Come celebrate the 29th Annual Hong Kong Dragon Boat Festival on Sunday, June 8, from noon to 5 p.m.
Spectators will be able to watch brightly colored dragon boats, piloted by rowers from Greater Boston, New York, and as far away as Canada, as they race down the Charles River between JFK Street and the Western Avenue Bridge.
The festival is sponsored in part by the Hong Kong Economic and Trade Office, United Commercial Bank, Mohegan Sun, State Street, Boston Children’s Museum, and more, and the Boston Dragon Boat Festival Committee.
This year’s festival, which is the largest Asian American celebration in New England, will include more than 30 teams competing in four categories: open, mixed, corporate and women’s. A special heat will be devoted to breast cancer survivors.
It will also feature traditional Chinese arts and crafts by the Greater Boston Chinese Cultural Association; a Dragon and Lion Dance; martial arts; authentic Hula and Tahitian Dance; Korean Poongmul drumming; Chinese dance and music; traditional Japanese festival drumming and Asian foods.
The festival, is free and open to the public, will be held rain or shine.
The 29th Annual Hong Kong Dragon Boat Festival is part of Boston China Summer, a collaboration of civic, cultural, and educational organizations working together to highlight Chinese and Chinese American art and culture throughout the Greater Boston area. For more information, visit www.BostonChinaSummer.org.
The Legend of the Dragon Boat Races Traditionally held on the fifth day of the fifth moon on the lunar calendar (late May to mid June on the solar calendar), the Dragon Boat Festival commemorates the life and death of the Qu Yuan (340-278 BCE). A political leader of Chu, Qu Yuan is recognized as China’s first distinguished poet. Qu Yuan lost the king’s favor and was banished from his home state of Chu because of his opposition to the prevalent policy of compromise to the powerful state of Qin. In exile, he wrote the poem, “Encountering Sorrow,” which shows a great loyalty to his state and its people. In 278 BCE, Qu Yuan heard that Chu had been invaded. In despair, he drowned himself in the Mi Lo River. The people of Chu rushed to the river to rescue him. Too late to save Qu Yuan, they splashed furiously and threw zong-zi (traditional rice dumplings wrapped in bamboo leaves) into the river as a sacrifice to his spirit and to keep the fish away from his body.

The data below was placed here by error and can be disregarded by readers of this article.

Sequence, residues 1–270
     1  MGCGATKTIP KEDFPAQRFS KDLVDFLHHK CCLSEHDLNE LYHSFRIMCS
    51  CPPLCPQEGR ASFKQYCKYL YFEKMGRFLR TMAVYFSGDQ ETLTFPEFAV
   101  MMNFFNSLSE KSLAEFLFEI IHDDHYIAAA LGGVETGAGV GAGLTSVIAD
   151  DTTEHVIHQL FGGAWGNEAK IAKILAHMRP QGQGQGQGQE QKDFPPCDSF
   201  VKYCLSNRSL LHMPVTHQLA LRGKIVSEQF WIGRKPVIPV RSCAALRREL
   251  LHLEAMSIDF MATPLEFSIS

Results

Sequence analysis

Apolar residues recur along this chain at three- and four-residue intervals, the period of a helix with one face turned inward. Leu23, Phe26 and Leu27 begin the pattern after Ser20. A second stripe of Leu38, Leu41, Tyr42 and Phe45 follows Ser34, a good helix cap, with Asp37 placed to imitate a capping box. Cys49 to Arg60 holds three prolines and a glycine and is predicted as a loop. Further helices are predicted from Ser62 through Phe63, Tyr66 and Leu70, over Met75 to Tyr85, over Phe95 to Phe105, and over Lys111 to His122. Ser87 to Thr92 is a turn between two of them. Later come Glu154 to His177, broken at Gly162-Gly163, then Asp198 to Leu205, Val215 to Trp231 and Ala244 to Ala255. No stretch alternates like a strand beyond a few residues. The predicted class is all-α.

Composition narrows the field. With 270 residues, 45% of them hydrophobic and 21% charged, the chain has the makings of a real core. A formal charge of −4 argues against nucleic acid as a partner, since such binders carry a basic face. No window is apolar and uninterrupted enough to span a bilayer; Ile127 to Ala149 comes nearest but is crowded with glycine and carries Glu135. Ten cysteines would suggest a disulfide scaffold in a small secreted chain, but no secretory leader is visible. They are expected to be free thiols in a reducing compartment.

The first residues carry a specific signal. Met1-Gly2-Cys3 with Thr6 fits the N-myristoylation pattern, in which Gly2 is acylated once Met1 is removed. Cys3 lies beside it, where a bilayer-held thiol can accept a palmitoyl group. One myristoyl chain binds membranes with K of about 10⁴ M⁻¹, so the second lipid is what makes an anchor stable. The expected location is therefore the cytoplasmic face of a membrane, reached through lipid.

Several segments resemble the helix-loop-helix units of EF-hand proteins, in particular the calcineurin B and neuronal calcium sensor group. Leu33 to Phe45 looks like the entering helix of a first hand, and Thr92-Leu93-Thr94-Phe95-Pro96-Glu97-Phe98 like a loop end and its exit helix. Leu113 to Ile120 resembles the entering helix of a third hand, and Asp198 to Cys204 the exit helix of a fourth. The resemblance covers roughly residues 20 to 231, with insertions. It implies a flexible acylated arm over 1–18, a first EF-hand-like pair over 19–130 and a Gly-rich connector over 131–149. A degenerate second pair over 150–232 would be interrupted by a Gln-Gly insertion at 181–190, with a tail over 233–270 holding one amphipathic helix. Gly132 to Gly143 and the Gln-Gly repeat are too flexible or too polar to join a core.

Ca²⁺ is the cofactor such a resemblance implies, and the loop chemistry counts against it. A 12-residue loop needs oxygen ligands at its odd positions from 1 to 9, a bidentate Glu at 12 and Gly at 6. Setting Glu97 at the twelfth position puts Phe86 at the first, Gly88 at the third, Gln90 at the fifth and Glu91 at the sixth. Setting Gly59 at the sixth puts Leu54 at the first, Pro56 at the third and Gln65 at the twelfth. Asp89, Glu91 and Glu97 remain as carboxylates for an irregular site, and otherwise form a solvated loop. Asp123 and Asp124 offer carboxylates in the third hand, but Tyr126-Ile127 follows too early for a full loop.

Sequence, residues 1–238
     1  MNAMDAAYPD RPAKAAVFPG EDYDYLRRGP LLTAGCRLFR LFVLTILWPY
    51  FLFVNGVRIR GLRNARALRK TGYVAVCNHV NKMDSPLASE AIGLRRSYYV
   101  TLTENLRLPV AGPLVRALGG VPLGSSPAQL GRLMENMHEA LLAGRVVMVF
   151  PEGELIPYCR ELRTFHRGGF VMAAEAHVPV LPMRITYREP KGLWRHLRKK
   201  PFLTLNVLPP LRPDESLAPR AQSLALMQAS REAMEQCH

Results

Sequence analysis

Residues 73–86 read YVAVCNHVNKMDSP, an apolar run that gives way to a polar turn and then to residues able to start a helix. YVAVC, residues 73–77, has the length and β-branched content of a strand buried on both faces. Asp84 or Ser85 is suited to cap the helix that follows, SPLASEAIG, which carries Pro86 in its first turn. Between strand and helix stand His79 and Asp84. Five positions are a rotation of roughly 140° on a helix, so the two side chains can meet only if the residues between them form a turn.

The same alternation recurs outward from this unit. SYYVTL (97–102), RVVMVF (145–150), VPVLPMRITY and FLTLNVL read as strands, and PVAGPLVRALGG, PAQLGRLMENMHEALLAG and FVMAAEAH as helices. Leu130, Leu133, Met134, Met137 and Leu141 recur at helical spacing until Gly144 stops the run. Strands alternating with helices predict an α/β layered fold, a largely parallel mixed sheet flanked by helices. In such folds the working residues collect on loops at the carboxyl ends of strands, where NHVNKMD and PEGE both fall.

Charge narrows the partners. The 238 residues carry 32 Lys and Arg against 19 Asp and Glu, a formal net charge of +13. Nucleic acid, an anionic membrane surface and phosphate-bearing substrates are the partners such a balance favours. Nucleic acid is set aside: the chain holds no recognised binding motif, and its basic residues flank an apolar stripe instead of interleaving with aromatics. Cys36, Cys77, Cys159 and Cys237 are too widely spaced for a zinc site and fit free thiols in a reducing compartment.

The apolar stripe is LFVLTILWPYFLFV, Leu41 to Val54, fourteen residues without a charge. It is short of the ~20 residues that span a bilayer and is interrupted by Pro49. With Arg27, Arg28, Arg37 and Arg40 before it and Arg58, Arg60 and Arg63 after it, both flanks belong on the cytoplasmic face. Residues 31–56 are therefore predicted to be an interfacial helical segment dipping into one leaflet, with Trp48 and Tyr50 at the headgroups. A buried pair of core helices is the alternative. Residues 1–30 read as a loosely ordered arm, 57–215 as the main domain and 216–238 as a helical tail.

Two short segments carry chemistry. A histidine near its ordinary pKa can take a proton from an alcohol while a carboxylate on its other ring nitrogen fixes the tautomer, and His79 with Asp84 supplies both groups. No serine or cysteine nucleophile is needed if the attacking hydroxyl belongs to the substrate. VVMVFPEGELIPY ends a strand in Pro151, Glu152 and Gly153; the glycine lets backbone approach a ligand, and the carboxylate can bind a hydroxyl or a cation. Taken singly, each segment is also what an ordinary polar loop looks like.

Today, Dragon Boat Festivals are popular around the world. The first Dragon Boat Festival in the United States was held in Boston. The Boston festival is used as a vehicle to promote Asian culture and a chance to bring together diverse communities from Boston and surrounding areas. In previous years, more than 20,000 people lined the banks of the Charles to enjoy the festivities and performances.
For more information, check out the Festival website at www.bostondragonboat.org
About Boston Children’s Museum: Boston Children’s Museum exists to help children understand and enjoy the world in which they live. It is a private, non-profit, educational institution that is recognized internationally as a research and development center and pacesetter for children's exhibitions, educational programs and curriculum. Boston Children’s Museum incorporates two strategies - engaging families and building communities - to impact five outcome areas for children: Creative Kids, Curious Kids, Global Kids, Green Kids and Healthy Kids. More information about Boston Children’s Museum can be found at www.BostonChildrensMuseum.org <http://www.BostonChildrensMuseum.org>.